Are You a “Sophisticated” Job Seeker?


I stumbled across an article written by J.T. O’Donnell titled, “Meet the ‘Sophisticated Job Seeker’ Who’s Disrupting Recruiting.” I loved the article because most of what she said about “sophisticated” job seekers resonated with me and what I am teaching students and job seekers around the world through my online course.

In the article, here’s what J.T said about “sophisticated” job seekers: Often referred to as “passive candidates,” these individuals are currently employed and don’t visit job boards. Instead, they mimic the behavior of sophisticated consumers and approach their search for their next employer with extreme focus. The way they see it, they don’t want to work for you, they want to work with you. They believe they’re a business-of-one who has the right to find the right partner (a.k.a. ideal employer).

What she said is similar to some of the topics in my online course – Job Search Blueprint. I believe that as a job seeker, you need to smart and creative, or maybe “sophisticated” too with your job search strategy, and you also need to be serious in implementing your strategy.

Furthermore, J.T. said that the sophisticated job seekers leverage some smart search tactics, as follows:

1. They Create Interview Bucket Lists. I quite agree with her on this. In some of the chapters in my online course, I teach my students how to have a focused strategy (not necessarily over limiting their job opportunities but channelling their energy to some particular niche, industries and sectors), how to be active on social media, how to connect with and follow companies they find interesting on social media, and how to monitor activities regarding those companies.

Back in the days when I was seriously searching for a good job, I rejected some job offers because I do not like the company’s culture. However, I just told the recruiter or hiring manager that I was not interested for some personal reasons and thanked them for notifying me. And there are four types of companies I do not find interesting:

  • Companies that don’t understand the value of project management
  • Companies that don’t leverage the Internet, social media and digital technologies
  • Companies who are not working hard to build their personal brand
  • And companies whose culture doesn’t fit me

2. They Do Research–Lots of Research. Yes, research is not only meant to be done by hiring managers and recruiters. A smart job seeker needs to do his/her homework and I teach my students the types of research they need to do.

I did some research myself when I was seeking for a job. I did research on the companies that offered me job offers back then and some were great companies. I’m still doing more research now so as to feed my students with current information regarding the labour market. Research is one of the critical things that every smart job seeker should do, and that’s one of key things that separate them from the desperate job seekers who are willing to accept any job.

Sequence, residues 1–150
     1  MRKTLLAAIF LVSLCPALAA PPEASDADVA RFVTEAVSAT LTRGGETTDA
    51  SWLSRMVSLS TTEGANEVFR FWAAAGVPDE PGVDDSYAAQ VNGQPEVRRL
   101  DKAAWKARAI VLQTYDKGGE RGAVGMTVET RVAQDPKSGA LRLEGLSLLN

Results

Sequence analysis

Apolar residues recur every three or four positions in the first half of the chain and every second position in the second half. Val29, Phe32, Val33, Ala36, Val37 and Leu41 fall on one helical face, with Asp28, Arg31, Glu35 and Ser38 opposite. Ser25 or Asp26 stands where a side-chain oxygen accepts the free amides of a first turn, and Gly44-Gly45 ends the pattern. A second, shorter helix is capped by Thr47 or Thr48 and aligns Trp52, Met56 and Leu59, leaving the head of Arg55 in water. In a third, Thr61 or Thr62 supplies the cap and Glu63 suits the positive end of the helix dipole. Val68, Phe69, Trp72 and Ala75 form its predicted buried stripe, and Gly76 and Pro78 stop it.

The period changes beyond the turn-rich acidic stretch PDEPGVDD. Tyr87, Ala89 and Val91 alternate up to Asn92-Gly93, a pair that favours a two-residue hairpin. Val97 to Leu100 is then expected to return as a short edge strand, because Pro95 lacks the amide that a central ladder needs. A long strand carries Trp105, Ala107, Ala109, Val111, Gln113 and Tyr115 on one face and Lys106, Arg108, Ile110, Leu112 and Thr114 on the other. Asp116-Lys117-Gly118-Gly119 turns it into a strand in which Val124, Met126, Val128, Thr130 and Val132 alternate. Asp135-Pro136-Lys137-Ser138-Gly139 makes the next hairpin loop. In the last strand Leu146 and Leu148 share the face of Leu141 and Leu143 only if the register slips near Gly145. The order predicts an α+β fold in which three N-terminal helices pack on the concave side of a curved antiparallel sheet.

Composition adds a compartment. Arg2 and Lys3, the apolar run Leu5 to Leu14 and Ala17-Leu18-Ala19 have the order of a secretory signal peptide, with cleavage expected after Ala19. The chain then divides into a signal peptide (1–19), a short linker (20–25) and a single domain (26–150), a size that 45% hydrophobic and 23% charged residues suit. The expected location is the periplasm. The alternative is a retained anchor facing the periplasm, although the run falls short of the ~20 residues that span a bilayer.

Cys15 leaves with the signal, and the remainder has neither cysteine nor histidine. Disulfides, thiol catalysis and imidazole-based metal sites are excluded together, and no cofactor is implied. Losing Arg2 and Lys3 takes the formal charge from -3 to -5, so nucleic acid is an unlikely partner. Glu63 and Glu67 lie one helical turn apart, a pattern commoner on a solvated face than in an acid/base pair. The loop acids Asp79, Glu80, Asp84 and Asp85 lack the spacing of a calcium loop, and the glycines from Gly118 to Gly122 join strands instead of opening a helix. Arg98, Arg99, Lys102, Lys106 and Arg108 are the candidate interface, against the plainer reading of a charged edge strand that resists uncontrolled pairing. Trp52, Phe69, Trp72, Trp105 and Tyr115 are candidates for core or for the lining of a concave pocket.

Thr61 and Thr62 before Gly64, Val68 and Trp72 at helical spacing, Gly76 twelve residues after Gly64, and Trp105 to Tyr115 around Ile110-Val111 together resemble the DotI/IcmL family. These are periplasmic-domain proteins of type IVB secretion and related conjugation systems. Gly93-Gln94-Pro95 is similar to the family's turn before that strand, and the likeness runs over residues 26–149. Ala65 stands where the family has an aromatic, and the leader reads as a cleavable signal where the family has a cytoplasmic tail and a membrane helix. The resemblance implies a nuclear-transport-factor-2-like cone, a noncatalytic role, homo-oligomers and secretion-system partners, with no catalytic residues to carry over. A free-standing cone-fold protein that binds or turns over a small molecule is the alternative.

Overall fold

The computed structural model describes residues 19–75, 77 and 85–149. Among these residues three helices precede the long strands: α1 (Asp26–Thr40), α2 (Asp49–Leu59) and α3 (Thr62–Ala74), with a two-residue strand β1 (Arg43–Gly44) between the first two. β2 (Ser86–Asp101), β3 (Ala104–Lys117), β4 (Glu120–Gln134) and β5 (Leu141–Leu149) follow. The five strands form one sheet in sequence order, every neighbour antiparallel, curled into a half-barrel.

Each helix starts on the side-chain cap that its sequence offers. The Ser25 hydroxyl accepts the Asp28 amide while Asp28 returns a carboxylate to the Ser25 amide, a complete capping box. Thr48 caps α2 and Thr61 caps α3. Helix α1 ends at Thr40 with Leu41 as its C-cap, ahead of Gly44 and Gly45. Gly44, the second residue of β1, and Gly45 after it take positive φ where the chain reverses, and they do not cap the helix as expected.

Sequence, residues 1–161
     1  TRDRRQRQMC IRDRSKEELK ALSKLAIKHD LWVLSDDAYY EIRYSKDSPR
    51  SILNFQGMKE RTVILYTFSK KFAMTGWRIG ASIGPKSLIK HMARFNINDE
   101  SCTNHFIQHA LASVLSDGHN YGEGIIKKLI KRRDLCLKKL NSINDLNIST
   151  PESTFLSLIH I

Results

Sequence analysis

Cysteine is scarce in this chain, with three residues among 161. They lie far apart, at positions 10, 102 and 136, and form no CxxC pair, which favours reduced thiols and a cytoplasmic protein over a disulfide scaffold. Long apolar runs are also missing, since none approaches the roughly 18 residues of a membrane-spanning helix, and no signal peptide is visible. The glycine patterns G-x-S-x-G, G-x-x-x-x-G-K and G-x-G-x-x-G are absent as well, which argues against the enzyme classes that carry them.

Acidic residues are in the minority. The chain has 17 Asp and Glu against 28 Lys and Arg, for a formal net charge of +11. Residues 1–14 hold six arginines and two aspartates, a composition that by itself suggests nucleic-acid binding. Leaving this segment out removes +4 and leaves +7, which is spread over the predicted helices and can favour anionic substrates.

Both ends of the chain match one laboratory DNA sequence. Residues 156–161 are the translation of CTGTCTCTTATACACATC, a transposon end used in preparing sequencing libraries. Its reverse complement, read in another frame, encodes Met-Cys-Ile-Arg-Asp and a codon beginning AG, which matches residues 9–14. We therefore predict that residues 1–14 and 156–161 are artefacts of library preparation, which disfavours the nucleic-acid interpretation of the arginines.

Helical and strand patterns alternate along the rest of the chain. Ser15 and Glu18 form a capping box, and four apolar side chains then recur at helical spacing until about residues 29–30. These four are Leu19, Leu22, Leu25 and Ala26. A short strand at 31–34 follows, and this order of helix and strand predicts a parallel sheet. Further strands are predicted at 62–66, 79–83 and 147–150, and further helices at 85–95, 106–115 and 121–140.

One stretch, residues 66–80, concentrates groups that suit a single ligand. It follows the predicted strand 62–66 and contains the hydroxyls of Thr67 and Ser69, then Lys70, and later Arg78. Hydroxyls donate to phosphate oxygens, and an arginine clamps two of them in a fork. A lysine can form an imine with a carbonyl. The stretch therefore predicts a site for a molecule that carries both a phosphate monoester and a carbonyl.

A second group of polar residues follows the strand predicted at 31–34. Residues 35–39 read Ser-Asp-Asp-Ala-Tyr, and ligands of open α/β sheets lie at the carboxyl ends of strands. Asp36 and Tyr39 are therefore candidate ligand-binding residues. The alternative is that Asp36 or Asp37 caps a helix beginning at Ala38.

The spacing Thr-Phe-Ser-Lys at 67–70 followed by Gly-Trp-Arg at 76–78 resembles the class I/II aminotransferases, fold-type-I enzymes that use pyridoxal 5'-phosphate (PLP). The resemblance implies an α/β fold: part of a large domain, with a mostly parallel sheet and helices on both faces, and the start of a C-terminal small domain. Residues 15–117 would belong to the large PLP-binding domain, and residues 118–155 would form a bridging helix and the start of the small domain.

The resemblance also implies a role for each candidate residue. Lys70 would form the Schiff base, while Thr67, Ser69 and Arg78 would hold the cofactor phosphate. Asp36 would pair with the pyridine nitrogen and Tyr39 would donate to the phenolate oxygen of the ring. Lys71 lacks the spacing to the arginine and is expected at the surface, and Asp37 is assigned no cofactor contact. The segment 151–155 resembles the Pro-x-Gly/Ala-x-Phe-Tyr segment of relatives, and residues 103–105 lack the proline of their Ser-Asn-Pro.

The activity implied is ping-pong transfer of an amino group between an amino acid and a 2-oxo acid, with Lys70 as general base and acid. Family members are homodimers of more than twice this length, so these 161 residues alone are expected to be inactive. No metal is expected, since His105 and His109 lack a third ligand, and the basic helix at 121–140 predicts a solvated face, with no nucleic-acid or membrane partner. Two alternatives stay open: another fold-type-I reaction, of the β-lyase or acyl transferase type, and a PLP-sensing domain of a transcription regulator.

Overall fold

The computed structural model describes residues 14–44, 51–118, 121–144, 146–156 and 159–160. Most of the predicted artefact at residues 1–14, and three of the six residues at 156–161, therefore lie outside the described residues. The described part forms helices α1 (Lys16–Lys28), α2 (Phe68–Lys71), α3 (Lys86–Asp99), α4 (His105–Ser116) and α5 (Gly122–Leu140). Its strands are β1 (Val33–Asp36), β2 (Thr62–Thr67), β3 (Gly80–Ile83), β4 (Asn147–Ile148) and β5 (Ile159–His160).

3. They Find Someone on the Inside. Building relationships and getting recommendations work wonders. I believe in connecting with some persons on the inside of companies you’re interested in. One of the things I did back then was to follow some persons I discovered on social media who were in the mid or top management roles in some of the companies, industries or sectors I found interesting.

In my online course, I have few chapters that teach my students how to build a global network, how to build with good relationships with some persons on the inside of companies they find interesting, and how they can properly leverage on the power of networking. It’s a powerful tactic that can land any job seeker his/her dream job.

4. They Study the Recruiter’s Brand. Students and job seekers are not the only ones who need to build their personal brands. Recruiters and hiring managers need to build their personal brands, and companies need to build their business and employment brands, too. Once I get a job offer, the first thing I do is research on the recruiter or hiring manager that sent me the job offer, and then on the company. If I find both interesting, then I research on the job position and what is required of that position. If I find it interesting and challenging, then I research on myself to know if I’m up to the task.

I also tech my students how to build a unique and winning personal brand but it’s something that would still favour them whenever they want to transform from job seekers to independent career persons later in their life.

The four smart search tactics mentioned above by J.T. are part of what I teach my students because in this age of Great Recession, you need to be smart and “sophisticated” to land the good or better jobs. And like I always tell my students, there are jobs, there are good jobs, and there are better jobs. As students of my course, they should always target the better jobs.

If you’re a student or job seeker, you can click here to learn more or enrol for my online course, and learn how to create a good job search strategy. Once you enrol, you will join the league of SMART job seekers around the world.

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